#73: To those that wait, good things come
Well, something remarkable has happened. Relatively, anyway, in terms of my little hoarding hobby, something really and very truly remarkable that I never thought could happen but has. Being a bit of a spring chicken in my 24 years of age, this is highly unprecedented…
For longer than I have searched for any one single piece of apparel, I have searched for a perfect Chimayó jacket. The task at hand led to desperate, arduous pursuit for one in the right color scheme, in great shape, and most importantly with the right fit. Eons went by, and now it’s here, it’s mine, and it begs me to wonder: now that I have found it (IT!) is the thrill gone? Have I attained the Holy Grail? Have I reached the nexus of my collecting, and so soon?
Chimayó jacket, c. 1930’s.
The details of this jacket are outrageous. The incorporated turquoise in the pattern is so vivid I’d swear it was alive and breathing. The little beaded dancing girl on the zipper is pristine, not to mention precious. The rich brown color is warmer than any warm tone I could conjure in the imagination.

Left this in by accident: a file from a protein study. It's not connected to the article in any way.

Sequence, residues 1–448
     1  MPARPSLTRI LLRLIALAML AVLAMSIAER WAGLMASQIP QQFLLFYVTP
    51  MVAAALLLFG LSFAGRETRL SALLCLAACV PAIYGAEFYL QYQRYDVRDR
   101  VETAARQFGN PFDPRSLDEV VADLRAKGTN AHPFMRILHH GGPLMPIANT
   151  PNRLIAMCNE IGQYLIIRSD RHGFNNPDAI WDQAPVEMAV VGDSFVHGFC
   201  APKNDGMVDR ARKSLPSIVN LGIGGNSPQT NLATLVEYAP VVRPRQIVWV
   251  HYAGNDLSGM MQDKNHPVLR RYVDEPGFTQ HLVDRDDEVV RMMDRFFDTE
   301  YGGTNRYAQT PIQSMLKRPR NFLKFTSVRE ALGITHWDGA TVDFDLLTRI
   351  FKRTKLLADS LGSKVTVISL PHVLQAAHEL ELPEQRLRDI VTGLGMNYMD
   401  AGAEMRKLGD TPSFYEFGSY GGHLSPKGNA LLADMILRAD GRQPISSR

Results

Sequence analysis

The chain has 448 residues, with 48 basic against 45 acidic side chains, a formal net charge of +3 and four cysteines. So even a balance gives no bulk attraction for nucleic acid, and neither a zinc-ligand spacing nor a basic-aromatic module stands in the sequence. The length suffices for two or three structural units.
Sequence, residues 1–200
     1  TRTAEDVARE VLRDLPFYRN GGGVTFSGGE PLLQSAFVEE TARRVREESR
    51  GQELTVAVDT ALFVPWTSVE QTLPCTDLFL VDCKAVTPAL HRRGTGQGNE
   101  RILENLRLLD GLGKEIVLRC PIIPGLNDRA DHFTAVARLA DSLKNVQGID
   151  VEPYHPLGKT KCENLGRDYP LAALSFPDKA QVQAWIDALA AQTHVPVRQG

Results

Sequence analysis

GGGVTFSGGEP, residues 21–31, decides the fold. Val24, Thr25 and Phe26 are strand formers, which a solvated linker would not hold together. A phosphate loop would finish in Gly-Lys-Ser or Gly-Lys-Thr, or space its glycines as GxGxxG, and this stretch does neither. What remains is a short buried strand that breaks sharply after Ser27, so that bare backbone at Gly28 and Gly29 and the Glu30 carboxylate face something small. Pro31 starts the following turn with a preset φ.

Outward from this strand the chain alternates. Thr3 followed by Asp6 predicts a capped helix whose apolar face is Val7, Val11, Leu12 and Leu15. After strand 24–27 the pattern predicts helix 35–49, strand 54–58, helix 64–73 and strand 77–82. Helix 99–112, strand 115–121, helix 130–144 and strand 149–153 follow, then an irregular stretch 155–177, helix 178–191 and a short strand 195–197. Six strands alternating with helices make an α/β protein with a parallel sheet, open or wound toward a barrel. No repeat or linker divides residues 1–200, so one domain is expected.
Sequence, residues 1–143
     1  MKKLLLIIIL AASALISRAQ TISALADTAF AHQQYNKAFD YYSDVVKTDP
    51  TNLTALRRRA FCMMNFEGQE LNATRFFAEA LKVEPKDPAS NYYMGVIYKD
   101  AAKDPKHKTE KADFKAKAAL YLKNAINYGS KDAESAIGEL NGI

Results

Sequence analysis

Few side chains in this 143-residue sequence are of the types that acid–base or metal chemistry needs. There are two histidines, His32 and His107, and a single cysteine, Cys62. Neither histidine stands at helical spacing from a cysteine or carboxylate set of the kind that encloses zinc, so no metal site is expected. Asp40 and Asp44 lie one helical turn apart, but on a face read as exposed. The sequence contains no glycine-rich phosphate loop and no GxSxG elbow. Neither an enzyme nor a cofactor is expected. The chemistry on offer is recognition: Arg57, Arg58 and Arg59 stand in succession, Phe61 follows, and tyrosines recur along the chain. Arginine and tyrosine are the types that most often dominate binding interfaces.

Chimayó weavings emerged around the turn of the 20th century in the town of Chimayó, New Mexico, from the descendents of Spanish colonists. The Ortega and the Trujillo families (who, generations later, still weave using traditional methods today in their shops in Chimayó) were pioneers in this craft, rooted in the Rio Grande weaving patterns of the early Spanish settlers. The central Chimayó motif uses a dramatic and multi-colored serrated diamond in the middle of a field of color. True-blue American cultural masterpieces.
(Charles Ilfield was a powerhouse Jewish merchant in the Southwest during the early part of the 20th century, and so this jacket must have been sold in one of his shops.)
Is this the be-all and end-all? Am I through!? Pshh, who am I kidding.